Thursday, July 19, 2007

July 2007 - American miniatures

In July there have been some interesting American miniatures added into the collection.

This particular group comprising seven American miniatures from the late 18C through to the early 20C.

Initially, the first two were believed to be examples by the Sully brothers, although some later discussion has leaned away from attributing the lady in white to Lawrence Sully (1769-1804) see Unknown - portrait of a Southern Lady

The second miniature of a girl with bare shoulders and a basket may be by his brother Thomas Sully (1783-1872), see Sully, Thomas - portrait of a young lady.

This is a little unusual as a miniature, as by far the majority showed the sitter only, without any "props". It is possible that this study was copied from a large oil portrait.

Another miniature in complete contrast of style of clothing, is one of a slightly older girl wearing a full and dark dress and sitting on a chair. It is signed and dated 1835 by Moses B Russell (1810-1884).

His wife, Mrs Moses B Russell (Clarissa Peters Russell) is now better known than her husband. However Moses was himself highly regarded as a portraitist in the 19C.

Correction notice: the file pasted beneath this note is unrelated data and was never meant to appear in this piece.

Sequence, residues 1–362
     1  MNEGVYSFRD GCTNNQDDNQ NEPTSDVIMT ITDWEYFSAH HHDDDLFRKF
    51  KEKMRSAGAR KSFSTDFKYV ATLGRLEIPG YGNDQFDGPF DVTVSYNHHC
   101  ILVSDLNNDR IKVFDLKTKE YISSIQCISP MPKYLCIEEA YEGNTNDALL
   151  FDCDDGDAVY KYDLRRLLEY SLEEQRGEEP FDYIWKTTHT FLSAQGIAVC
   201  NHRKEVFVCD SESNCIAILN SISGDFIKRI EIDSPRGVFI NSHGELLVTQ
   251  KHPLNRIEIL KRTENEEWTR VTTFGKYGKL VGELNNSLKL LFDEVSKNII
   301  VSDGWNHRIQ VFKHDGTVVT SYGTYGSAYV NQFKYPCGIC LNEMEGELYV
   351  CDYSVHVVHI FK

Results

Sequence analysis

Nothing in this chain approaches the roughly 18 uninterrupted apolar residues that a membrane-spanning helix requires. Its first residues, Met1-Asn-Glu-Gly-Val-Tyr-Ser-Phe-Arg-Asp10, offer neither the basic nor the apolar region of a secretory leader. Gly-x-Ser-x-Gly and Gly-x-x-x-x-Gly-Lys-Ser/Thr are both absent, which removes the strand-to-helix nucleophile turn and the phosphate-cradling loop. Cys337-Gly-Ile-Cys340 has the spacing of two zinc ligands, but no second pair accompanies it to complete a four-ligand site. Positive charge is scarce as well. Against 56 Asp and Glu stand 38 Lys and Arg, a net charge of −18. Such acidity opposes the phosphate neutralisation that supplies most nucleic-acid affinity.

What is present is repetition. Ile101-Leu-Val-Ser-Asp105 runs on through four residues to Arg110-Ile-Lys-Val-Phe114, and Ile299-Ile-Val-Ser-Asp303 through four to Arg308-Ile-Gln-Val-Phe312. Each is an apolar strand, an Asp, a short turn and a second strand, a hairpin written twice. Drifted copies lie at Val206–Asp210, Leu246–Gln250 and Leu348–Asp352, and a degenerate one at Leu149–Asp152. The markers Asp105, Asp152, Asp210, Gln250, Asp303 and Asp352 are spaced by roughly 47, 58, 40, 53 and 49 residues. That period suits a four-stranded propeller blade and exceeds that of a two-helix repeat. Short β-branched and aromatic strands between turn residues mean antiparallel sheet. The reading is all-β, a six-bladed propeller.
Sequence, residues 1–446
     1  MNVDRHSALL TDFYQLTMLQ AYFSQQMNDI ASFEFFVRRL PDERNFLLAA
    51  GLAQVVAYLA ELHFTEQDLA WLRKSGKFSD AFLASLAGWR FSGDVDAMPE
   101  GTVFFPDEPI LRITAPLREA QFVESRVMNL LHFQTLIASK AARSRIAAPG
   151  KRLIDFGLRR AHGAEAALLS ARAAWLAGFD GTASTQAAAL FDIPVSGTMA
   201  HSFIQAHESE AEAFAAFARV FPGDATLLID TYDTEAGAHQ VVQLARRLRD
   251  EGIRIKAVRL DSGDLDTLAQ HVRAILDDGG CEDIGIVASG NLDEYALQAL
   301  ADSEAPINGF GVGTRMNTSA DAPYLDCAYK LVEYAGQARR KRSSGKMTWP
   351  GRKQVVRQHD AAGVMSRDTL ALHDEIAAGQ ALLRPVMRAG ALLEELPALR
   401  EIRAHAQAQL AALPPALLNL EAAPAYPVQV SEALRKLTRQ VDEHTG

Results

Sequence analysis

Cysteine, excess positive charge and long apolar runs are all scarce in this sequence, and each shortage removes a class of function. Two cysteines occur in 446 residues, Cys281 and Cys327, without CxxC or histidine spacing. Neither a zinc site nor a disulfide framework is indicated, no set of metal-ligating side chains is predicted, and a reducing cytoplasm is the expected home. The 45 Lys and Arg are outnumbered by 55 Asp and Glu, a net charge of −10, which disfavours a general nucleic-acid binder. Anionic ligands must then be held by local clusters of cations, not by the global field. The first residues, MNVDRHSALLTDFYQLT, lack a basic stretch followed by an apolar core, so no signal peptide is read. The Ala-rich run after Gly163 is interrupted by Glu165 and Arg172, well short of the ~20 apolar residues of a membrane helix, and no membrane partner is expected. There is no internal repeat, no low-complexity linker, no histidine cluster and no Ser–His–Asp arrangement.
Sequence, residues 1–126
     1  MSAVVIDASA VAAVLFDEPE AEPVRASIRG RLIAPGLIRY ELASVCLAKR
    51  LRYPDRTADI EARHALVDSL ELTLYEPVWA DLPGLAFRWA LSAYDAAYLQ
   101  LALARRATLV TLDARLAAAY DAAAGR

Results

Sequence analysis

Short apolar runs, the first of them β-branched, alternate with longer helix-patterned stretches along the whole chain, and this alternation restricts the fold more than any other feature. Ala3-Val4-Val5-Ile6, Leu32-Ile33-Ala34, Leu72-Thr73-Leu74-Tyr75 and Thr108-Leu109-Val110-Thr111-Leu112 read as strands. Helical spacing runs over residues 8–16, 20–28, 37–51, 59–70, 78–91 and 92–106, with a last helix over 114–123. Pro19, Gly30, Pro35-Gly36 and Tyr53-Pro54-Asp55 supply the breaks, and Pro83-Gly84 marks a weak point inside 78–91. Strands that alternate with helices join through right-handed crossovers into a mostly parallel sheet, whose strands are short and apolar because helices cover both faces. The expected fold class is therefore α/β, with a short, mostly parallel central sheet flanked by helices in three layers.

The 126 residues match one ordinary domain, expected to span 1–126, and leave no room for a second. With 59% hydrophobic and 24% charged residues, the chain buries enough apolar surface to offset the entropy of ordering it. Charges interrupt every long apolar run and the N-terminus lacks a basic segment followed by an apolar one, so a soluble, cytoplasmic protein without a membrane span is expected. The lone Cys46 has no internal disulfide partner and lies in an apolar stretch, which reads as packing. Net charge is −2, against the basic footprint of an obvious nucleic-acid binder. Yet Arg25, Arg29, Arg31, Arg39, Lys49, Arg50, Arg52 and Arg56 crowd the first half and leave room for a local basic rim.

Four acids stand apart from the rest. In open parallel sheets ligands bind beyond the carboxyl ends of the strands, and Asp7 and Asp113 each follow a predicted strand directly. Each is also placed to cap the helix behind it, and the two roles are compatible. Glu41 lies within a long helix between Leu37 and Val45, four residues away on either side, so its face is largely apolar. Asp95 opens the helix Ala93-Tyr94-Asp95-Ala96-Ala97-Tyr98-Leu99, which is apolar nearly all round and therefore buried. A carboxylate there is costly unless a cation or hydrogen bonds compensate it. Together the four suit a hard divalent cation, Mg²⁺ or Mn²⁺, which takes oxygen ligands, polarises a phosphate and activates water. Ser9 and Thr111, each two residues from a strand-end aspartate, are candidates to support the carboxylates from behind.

This miniature is from Moses B Russell's better period, as his quality seemed to deteriorate after 1840, probably due the need for him to complete miniatures more quickly and so compete on price with photography.

Photography became increasingly popular after the introduction of daguerreotypes which spread rapidly as a technique from around 1840.

For more about the portrait see Russell, Moses B - portrait of a young lady

Acquired together, were four miniatures with three of them at least related to one another. The young girl is Jane Spottswood Keller by Otto Eckardt.

The one adjacent to her is believed to be her father, David Alexander Keller, who was a cousin of the famous author Helen Keller, see Eckardt, Otto - portrait of Jane Spottswood Keller...

Rounding off the selection is an important sitter in the portrait on the left of the bottom pair.

The older man looks like a photograph, but it is in fact a painting of Hon James Guthrie. It has been attributed to John Ramsier, a Kentucky artist noted for his ability to make his paintings imitate photographs.

James Guthrie (1792-1868) was Secretary to the Treasury and must have been one of the wealthiest men in Kentucky, as in the 1860 census, he disclosed personal assets of $500,000. For much more about him see Ramsier, John - portrait of Hon James Guthrie

The last one is of a Confederate veteran John F Henry who was also an author. There is much more about him with the Eckardt portrait at Eckardt, Otto - portrait of Jane Spottswood Keller...

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